Human Nature in the Theogony

This post is one in a series on the History of Epistemological Thought.  Previously in this series: History in the Theogony.

The anthropomorphic aspects of Hesiod's gods also give the Theogony some interesting insights into human nature.  We have male striving: an eternal quest for women and power, and a perennial resentment of the son toward the father.  The nature of women according to Hesiod is outlined in my post History in the Theogony.  A further aspect of womankind is represented by Gaia and Rhea caring ultimately more for their children than for their husbands.  We also have an analysis of the virtues of the basileus (king or magistrate).  The basileus is said to be blessed by the Muses, and to engender justice (dike).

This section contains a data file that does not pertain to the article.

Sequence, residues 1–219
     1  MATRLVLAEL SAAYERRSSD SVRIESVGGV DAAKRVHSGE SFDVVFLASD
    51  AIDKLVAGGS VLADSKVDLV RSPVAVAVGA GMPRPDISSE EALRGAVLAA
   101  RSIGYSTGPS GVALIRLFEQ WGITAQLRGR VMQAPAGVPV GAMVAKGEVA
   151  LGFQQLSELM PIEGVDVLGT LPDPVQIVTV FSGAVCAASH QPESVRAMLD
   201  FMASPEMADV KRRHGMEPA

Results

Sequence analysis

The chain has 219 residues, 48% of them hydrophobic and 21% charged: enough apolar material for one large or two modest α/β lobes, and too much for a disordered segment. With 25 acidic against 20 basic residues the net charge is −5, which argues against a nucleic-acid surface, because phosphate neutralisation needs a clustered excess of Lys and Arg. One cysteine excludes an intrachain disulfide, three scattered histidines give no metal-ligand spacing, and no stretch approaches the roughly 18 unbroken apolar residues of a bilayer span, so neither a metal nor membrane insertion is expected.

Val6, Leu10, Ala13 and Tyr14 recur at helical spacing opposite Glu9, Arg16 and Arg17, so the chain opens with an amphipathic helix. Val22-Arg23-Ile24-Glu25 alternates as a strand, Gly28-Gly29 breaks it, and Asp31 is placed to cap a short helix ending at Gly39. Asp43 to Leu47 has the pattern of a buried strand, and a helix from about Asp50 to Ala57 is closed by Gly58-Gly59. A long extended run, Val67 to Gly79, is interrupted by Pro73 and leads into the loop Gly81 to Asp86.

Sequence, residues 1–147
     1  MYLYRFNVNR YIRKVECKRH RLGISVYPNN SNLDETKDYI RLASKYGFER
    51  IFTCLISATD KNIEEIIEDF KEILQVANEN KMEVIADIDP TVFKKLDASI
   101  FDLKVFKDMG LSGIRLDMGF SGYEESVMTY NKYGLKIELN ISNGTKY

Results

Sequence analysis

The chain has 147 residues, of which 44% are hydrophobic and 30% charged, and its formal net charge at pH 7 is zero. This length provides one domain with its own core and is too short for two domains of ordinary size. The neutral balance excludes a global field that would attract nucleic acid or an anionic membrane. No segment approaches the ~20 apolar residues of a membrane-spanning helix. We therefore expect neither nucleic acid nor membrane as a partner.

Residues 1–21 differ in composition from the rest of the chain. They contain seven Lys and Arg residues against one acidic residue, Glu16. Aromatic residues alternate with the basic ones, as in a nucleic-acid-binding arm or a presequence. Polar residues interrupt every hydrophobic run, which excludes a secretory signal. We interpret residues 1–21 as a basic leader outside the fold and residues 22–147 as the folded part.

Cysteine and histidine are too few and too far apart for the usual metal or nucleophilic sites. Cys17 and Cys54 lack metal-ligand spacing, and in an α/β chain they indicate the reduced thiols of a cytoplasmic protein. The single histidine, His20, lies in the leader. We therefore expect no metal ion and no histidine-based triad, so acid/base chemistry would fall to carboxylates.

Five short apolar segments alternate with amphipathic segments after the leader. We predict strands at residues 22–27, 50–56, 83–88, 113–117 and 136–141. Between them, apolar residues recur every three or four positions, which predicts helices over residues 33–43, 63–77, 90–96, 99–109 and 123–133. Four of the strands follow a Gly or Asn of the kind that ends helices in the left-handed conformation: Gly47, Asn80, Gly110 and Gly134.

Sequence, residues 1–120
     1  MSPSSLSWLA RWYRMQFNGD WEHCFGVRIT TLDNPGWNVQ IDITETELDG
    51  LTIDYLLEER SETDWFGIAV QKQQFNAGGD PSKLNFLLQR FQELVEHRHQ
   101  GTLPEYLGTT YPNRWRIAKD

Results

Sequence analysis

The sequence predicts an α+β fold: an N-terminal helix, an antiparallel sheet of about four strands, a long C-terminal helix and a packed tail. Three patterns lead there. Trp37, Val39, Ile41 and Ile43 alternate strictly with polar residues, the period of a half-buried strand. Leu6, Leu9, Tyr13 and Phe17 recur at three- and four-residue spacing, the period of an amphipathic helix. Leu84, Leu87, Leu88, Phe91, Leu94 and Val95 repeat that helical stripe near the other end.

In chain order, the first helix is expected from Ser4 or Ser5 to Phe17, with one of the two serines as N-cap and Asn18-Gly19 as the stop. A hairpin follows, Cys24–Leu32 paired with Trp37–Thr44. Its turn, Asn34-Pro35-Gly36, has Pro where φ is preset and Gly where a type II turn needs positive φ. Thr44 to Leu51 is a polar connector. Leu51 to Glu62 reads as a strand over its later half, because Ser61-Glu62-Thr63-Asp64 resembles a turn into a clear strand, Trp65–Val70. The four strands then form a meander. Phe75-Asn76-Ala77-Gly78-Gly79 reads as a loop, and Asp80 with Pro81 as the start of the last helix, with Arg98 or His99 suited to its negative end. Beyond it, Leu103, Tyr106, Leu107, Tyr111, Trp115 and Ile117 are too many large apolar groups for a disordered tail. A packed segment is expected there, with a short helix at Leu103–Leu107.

And an over-riding message is that the actions of man are impelled by qualities that are embodied in gods: Love, Strife, Jealousy, Hatred, etc.  The fates of mankind are decided by Zeus's agents such as the Fates and the Furies.

Next in this series: Ethics in the Theogony.

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